Risk Analysis (PHA techniques)
PHA means “Preliminary Hazard Analysis” or risk analysis. PHA techniques were created by the armed forces of the United States of America, although they were later assimilated by various chemical industries, which gave them different names. In Spanish, we talk about PHA techniques or APR techniques.
The legislation requires studies of risk analysis, or PHA techniques, although it does not provide a method or an orientation protocol. Therefore, companies, such as Tandem HSE, offer the possibility of carrying out these studies prior to the construction of a chemical plant according to the main variants adopted by this industry: HAZOP, WHAT-IF and FMEA.
All PHA techniques are applied during the design and development phases of industrial facilities or plants, as well as during their exploitation.
- Raw materials, intermediate products and products of a process according to the reactivity of each one of them.
- All equipment of a plant or a production line, whatever applies.
- Facilities and security equipment.
- Individual operations parts of a process, maintenance operations, start-ups and stops.
- Process environment and limits between each of the components of a system.
In order to apply the PHA techniques, one or more qualified professionals are required to be provided with the basic design criteria of the plant, what equipment will be used even without specifying the finest details, and what materials are going to be involved in the process, from raw materials to final products, by-products and emissions.
This attempts to detect the weak points of the production chain: where a hypothetical accident would be most likely to occur, and if this accident could be avoided with different sizes or varying the distribution of some equipment in the plant or improving security measures in those scenarios.
The second part of a PHA technique is to propose solutions that reinforce safety at points that have been detected as potentially weak or more prone to accidents, in case of exceeding the operating conditions due to the failure of a digital controller or an unforeseen natural disaster.
Since these estimates are made on data that are not yet definitive, computer models are not usually used for preliminary risk assessment. Despite this, this stage, mandatory by law, requires little economic investment.
Now let us do a quick review of the specific PHA techniques and the ones derived from them mostly used in the chemical industry.
It is a fairly intuitive method, used to detect possible risks in the pharmaceutical industry, in those that work with oil and those that mostly handle gases. The method is based on asking questions—almost in brainstorming mode—about what would happen if such a thing happened, and then make schematic drawings of the situation.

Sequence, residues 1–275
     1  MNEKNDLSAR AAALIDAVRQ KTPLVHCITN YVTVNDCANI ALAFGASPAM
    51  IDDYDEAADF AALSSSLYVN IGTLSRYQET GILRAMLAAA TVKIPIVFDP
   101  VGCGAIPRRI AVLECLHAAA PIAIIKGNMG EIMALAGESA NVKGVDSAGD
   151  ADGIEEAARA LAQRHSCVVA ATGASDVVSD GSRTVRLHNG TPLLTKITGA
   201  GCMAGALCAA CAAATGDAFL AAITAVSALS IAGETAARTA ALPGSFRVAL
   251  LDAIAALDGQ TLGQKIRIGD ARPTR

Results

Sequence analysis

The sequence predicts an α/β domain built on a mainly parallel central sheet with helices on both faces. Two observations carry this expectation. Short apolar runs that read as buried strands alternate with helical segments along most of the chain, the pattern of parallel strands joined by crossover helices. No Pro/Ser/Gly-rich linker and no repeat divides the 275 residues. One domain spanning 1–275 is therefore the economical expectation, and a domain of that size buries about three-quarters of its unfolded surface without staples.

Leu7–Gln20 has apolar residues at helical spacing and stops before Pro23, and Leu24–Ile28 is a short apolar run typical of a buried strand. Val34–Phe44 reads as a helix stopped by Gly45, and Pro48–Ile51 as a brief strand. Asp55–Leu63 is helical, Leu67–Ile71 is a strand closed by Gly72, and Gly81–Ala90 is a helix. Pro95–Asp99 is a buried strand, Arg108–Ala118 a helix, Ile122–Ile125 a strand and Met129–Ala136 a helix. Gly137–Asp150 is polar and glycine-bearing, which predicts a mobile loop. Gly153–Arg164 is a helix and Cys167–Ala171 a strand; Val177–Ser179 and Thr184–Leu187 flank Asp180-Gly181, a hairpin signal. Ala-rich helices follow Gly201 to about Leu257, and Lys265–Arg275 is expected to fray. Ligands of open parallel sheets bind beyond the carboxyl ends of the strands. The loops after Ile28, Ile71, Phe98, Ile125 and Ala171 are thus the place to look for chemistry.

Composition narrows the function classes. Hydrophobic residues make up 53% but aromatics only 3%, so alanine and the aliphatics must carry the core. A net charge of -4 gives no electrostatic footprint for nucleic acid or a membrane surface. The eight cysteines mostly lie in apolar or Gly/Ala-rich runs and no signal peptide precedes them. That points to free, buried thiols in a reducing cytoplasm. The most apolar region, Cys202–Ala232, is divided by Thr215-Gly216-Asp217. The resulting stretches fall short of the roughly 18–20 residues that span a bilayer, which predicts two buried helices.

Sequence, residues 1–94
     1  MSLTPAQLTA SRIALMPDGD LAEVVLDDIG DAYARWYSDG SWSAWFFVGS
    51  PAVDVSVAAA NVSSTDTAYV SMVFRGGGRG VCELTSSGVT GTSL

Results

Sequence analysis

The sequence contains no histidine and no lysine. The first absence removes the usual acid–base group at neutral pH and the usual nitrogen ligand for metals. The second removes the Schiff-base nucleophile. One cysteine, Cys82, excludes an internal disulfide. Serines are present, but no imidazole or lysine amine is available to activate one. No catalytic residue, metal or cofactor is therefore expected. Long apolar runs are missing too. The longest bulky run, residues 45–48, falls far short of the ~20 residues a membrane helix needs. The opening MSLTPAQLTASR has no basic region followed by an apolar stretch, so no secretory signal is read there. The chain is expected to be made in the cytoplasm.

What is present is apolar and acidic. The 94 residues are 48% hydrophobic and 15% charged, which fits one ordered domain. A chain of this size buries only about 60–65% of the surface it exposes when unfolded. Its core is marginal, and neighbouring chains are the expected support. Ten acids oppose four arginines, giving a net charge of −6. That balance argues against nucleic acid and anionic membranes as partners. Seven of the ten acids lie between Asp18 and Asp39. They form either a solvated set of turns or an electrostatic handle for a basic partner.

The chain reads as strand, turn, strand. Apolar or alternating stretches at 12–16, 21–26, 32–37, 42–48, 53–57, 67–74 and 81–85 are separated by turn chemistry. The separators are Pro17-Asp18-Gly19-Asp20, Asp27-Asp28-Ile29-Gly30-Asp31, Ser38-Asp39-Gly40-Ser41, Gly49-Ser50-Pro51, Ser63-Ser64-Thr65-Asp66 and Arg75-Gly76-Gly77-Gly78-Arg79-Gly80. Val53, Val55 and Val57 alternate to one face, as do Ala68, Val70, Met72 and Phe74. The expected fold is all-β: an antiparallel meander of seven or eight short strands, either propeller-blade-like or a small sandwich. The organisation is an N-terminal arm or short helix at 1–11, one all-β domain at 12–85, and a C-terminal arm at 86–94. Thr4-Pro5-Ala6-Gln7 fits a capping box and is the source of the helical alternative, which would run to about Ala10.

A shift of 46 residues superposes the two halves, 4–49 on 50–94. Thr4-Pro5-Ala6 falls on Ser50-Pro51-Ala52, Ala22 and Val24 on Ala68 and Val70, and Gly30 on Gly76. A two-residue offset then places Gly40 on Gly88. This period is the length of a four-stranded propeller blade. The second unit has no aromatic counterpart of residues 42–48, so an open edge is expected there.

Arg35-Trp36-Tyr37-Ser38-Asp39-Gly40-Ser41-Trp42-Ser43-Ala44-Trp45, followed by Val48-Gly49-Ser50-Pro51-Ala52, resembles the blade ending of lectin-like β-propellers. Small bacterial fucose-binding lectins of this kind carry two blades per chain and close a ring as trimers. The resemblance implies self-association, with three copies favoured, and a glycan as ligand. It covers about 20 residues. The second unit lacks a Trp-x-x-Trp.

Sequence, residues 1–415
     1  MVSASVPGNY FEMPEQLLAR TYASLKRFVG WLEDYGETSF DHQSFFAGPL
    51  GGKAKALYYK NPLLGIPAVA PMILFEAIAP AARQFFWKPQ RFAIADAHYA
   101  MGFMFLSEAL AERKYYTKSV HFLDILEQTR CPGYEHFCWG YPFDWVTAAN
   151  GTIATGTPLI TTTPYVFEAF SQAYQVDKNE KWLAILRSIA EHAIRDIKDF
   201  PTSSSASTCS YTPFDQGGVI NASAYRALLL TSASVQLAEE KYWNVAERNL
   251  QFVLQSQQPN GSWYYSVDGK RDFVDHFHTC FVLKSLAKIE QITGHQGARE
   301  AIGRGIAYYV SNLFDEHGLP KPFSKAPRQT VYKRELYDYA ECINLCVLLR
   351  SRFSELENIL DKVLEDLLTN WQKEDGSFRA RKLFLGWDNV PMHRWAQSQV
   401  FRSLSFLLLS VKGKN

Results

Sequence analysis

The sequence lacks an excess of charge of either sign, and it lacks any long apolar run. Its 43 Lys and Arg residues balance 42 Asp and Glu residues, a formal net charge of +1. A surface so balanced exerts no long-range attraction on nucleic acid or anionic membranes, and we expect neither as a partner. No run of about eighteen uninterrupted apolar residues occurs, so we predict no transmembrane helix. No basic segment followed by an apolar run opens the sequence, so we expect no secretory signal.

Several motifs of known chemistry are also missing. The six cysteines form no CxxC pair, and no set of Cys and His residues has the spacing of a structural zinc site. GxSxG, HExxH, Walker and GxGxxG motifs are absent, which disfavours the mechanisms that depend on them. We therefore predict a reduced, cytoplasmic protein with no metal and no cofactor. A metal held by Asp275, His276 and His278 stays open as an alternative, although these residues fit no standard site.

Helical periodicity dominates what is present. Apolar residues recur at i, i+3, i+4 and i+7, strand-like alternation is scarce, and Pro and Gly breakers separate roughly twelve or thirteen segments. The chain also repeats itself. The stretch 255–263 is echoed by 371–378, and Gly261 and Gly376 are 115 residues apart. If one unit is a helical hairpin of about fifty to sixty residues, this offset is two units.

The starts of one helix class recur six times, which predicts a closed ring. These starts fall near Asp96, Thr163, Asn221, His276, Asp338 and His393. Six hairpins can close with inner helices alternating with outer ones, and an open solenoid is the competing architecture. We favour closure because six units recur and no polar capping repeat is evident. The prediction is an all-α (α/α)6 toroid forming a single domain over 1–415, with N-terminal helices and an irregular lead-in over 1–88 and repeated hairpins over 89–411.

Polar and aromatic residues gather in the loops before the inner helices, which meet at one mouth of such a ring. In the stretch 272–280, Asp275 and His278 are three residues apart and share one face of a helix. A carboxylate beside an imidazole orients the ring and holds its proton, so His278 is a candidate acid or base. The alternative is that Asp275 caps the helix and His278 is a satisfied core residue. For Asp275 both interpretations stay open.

For example, what would happen if a wire gets stripped because a corrosive substance falls on it? And if the operator in charge of a certain non-mechanizable stage suffers a sudden fainting? How does it influence in which position that operator falls, for the safety of that person, the safety of other workers and the safety of the plant?
It is a qualitative risk assessment technique, but it is a viable alternative to HAZOP.
It is the preferred technique in risk analysis in chemical industry plants. It has the particularity that it is applied throughout the life of an industrial plant, from its design to its closure, and is carried out with a team of several professionals, each of them specialized in a specific area.
HAZOP allows the identification of more dangers, and to propose corrective measures, since the control is constant. It does not require much economic investment if you take into account the good results it offers, although it does involve an investment in time by the multidisciplinary team responsible for the study, to implement improvements when any possible danger is detected (causes, consequences and control measures if any).
It is based on the methodical analysis of the failures that can take place in individual pieces. It does not consider human errors as such, but as the consequence of a problem in a machine or in an operation.
The FMEA method alone can be incomplete, although it is an excellent measure of support in the prevention of risks during prototype tests, during the construction stage and to detect specific failures, in a specific operation unit.
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